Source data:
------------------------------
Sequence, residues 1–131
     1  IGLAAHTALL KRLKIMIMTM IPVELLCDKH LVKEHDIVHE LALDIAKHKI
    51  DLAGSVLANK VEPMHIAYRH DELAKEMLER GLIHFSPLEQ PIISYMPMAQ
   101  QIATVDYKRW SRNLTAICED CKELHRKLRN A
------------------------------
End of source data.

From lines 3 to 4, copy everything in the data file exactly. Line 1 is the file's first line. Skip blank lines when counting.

    51  DLAGSVLANK VEPMHIAYRH DELAKEMLER GLIHFSPLEQ PIISYMPMAQ
   101  QIATVDYKRW SRNLTAICED CKELHRKLRN A